Romance and Hollywood.


20120830-180620.jpg Ah, romance. What defines romance? Well, as an extremely romantic and idealistic teenager romance, for me, meant Cathy and Heathcliffe roaming the moors looking wind blown and terribly intense and declaring that they would love each other unto death and beyond. And I wept buckets when Heathcliffe stormed into the bedroom to see the dying Cathy and then carried her, all draped in a floaty diaphanous nighty, to the window so she could gaze her last on their old stomping ground, the beautiful Hollywood Moors. 😏

Or maybe even the beautiful Garbo as Camille calling “Armand! Armand!” as she lay on her death bed looking absolutely perfect through a dreamy gauze.

Ah yes, it should be perfect, this thing called Romance. Noble looking men and the ladies, even on their death bed and presumably riddled with TB, always looked impeccably made up and coiffured. And God forbid that their should be blood or any other bodily emission. Oh no! Except of course a tiny splotch on a lace hanky as the heroine smiled bravely and the hero held her hand and frowned with concern as she nobly accepted her fate.

20120831-105859.jpg Now of course, I prefer my romance with a little more subtlety. The Hollywood romances of the 1930s/40s were about as subtle as a run away lorry and were written and directed to be ‘Three Hanky Jobs’ if not a whole box of Kleenex.

I know some people would not regard that wonderful film, ‘The Remains of The Day’ as classic Romance; oh, but I think it is. It’s subtle and so poignant and heartbreaking.
The love which the house keeper Miss Kenton has for the manservant Mr Stevens (beautifully portrayed by Emma Thompson and Anthony Hopkins) is apparently not returned by him. We witness the poor woman’s utter despair as she tries to get the buttoned up Stevens to admit what he feels for her, if anything.
But alas, Mr Stevens is dedicated to his job and remains aloof and Miss Kenton marries another man. Years later, they reunite and Mr Stevens apparently realises what he has lost. It is sad and poignant beyond belief in my opinion; and the quiet despair of Miss Kenton must, at some time or another been felt by most of us and we can relate to her. Much more realistic in my opinion than those old Hollywood tear jerkers however great they were to watch and sob at after Sunday lunch. Consequently, I really think that this realism adds to the romance, because we understand how she feels.

So there it is. My idea of romance. Subtle, poignant and with a touch of gritty realism which we can relate to. But,I still love to indulge in the old B&W Hollywood tear jerkers; although these days, the tears I shed as a soppily romantic teen are much more likely to be replaced by sneers and cynicism.

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I do hope you enjoy the blog hop. To visit other blogs taking part, see Here.

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16 thoughts on “Romance and Hollywood.

  1. roughseasinthemed

    Enjoyable read. I’ve not see the film, but I did read the book recently and thought it was very good. Such a sense of missed opportunity and lack of fulfilment.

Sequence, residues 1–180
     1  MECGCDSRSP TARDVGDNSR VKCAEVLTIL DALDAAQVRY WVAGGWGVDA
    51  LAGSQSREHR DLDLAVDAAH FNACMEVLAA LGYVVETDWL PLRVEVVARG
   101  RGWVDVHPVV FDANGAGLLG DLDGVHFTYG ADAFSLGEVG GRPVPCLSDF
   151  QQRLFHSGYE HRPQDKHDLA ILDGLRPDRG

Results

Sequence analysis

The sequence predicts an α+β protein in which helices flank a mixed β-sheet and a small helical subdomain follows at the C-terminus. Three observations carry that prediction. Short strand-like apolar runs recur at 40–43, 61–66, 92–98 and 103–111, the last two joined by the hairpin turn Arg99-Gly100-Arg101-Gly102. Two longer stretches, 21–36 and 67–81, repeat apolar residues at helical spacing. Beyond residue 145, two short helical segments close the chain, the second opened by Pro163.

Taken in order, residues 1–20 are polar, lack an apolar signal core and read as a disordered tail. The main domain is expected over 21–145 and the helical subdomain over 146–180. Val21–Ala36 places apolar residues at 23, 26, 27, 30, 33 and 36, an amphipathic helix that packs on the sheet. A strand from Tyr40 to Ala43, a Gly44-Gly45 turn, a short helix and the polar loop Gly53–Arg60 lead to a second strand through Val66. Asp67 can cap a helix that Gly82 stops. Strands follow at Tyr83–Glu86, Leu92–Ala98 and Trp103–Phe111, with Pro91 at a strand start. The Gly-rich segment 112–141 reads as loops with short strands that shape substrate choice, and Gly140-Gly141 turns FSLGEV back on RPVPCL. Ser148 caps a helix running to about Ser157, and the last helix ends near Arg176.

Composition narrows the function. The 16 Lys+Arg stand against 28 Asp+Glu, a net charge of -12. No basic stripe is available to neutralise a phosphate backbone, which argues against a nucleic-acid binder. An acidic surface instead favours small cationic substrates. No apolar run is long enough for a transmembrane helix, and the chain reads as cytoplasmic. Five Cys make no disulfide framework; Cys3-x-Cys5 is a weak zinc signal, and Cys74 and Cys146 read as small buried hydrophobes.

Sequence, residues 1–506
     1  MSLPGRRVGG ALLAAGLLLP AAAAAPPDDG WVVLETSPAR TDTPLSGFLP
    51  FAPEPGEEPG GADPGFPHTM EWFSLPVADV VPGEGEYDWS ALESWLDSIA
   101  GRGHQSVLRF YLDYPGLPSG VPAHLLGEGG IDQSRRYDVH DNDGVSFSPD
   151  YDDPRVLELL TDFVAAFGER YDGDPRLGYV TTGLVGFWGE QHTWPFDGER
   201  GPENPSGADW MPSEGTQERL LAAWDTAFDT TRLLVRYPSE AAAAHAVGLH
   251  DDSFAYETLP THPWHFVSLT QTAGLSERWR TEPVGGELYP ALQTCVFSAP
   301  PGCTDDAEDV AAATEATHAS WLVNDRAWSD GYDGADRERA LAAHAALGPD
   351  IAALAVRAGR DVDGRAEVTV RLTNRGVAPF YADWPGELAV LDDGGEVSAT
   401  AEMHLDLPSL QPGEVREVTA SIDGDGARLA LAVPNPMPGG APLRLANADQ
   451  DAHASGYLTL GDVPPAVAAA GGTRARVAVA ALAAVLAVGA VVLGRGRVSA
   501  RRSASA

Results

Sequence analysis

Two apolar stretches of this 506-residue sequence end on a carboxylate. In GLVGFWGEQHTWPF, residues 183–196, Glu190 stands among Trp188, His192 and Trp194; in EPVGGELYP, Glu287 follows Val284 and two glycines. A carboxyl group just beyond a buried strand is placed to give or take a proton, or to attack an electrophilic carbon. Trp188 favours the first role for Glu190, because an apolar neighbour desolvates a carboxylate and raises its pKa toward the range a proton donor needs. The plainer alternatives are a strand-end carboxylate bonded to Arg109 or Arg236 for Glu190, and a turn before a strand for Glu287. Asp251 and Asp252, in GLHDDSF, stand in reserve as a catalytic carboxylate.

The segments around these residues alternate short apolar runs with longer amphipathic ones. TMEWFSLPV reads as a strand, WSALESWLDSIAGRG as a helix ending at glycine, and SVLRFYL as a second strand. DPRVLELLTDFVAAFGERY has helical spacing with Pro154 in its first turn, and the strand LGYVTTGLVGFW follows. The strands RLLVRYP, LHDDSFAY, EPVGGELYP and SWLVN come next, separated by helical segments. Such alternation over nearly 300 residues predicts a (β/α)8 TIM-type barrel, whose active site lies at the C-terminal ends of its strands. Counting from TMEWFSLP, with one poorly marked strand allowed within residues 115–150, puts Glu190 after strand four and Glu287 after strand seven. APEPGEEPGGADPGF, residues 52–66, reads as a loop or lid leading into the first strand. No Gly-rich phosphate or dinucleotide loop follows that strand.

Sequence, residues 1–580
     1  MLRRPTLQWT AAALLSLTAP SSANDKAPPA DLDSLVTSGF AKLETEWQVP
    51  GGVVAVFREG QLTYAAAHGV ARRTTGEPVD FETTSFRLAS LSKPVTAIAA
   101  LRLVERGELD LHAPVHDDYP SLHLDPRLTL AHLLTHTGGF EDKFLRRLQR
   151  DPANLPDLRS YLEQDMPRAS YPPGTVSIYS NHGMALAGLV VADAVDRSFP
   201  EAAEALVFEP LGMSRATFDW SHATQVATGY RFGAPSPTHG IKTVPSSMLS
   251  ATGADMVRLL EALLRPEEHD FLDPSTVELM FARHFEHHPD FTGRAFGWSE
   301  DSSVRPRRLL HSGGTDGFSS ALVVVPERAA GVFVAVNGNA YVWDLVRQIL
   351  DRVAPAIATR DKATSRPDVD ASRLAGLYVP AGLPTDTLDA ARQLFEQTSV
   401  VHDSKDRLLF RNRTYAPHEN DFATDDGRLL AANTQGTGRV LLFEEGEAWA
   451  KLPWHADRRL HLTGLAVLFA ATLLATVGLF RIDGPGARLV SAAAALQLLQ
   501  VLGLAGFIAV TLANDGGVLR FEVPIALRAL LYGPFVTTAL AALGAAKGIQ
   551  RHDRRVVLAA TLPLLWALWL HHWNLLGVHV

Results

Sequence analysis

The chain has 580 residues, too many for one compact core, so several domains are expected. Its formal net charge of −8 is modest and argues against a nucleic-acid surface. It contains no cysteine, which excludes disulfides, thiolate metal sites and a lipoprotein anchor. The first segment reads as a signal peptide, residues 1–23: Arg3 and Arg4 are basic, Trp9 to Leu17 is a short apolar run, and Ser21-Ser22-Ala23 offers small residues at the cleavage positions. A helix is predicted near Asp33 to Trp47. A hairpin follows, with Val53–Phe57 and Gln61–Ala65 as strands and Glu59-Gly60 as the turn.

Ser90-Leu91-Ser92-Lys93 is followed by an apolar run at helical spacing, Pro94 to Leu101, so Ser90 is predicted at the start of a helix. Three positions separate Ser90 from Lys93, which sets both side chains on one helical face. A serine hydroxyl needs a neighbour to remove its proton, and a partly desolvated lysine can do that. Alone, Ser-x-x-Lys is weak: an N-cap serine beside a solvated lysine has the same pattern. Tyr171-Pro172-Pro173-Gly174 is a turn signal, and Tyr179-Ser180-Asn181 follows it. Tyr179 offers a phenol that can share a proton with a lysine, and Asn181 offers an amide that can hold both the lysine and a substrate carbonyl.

2. Elin Gregory

    Oh now, see, I can’t cope with those. I quite liked Queen Christina because of the slashiness – he honestly thought he was going to be sharing a room with a strapping young lad – but most of these others left me cold or annoyed me. I guess I’m just not very romantic.

    Very nice post though.

  3. jessielansdel Post author

    Oh I’m not now believe me. 🙂 cynicism is my middle name these days.
    Thanks for the comments people. First proper post since April. :O

  4. Trix

    I think that’s why I prefer m/m in the first place–fewer cliches than het romance.

    vitajex(at)aol(dot)com

  5. jessielansdel Post author

    @Trix. Me too. I find het romance boringly predictable and cliche ridden. Thanks for visiting. 😊

    @Celeste. You’ll be pleasantly surprised I promise you. Thanks for visiting. 😊

  6. JanD

    I haven’t seen ‘The Remains of The Day’ but I’ve seen ‘The Heiress’. Love that movie.
    bituin76 AT hotmaild DOT com

  7. Shadow

    Thanks for the awesome hop and giveaways! This is so much fun! Thank you! My favorite thing about romance is the romance. lol I love the characters, the plots, the HEA’s, the love. I love it all!
    shadowluvs2read(at)gmail(dot)com

  8. Crystal Craig

    I agree with you there. The realism of a romance makes it more defined and you can relate to it even more with that element. I would cry my eyes out if I were to read or watch a movie of that nature, haha. I tend to hate crying over movies though. 🙂

    Thank you for sharing that!

    craigcrystal(at)ymail(dot)com

  9. myristica19

    Absolutely adore romances that make me cry. It means the story got to me. The ho-hum romances don’t do anything for me (or if the actors in movie romances fail to have a chemistry spark. I just can’t ‘feel’ it then. No matter what the scene or how well it’s written. Must have the chemistry for it to pierce my heart.) When a writer makes me ‘feel’ the love, then they’ve hooked me. ;D
    Thanks for this!
    Hugs,
    Myristica
    myristica19(at)hotmail(dot)com

  10. Michelle Bledsoe

    I haven’t seen the movie. I like all types of romances.Tear jerkers,adventures, paranormals,fluff. You name it I will read it. I prefer to read my romances instead of watching them..

    koonie2888 at yahoo dot com

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